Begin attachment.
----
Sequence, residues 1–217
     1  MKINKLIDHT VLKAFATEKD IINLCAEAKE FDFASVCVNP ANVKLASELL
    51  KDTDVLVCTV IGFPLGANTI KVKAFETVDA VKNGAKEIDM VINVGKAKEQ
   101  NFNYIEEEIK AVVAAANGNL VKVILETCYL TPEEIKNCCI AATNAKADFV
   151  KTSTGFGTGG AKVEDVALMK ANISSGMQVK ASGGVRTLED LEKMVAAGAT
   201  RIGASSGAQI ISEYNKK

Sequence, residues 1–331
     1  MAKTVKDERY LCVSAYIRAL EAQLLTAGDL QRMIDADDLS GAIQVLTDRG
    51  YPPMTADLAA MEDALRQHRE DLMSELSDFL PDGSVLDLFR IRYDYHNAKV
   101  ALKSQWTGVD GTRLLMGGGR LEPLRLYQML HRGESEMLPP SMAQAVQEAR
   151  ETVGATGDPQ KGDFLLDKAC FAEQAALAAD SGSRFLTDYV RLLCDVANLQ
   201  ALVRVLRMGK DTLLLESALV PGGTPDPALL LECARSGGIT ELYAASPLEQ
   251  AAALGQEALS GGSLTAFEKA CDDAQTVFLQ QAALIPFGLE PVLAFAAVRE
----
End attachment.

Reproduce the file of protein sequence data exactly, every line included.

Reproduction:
Sequence, residues 1–217
     1  MKINKLIDHT VLKAFATEKD IINLCAEAKE FDFASVCVNP ANVKLASELL
    51  KDTDVLVCTV IGFPLGANTI KVKAFETVDA VKNGAKEIDM VINVGKAKEQ
   101  NFNYIEEEIK AVVAAANGNL VKVILETCYL TPEEIKNCCI AATNAKADFV
   151  KTSTGFGTGG AKVEDVALMK ANISSGMQVK ASGGVRTLED LEKMVAAGAT
   201  RIGASSGAQI ISEYNKK

Sequence, residues 1–331
     1  MAKTVKDERY LCVSAYIRAL EAQLLTAGDL QRMIDADDLS GAIQVLTDRG
    51  YPPMTADLAA MEDALRQHRE DLMSELSDFL PDGSVLDLFR IRYDYHNAKV
   101  ALKSQWTGVD GTRLLMGGGR LEPLRLYQML HRGESEMLPP SMAQAVQEAR
   151  ETVGATGDPQ KGDFLLDKAC FAEQAALAAD SGSRFLTDYV RLLCDVANLQ
   201  ALVRVLRMGK DTLLLESALV PGGTPDPALL LECARSGGIT ELYAASPLEQ
   251  AAALGQEALS GGSLTAFEKA CDDAQTVFLQ QAALIPFGLE PVLAFAAVRE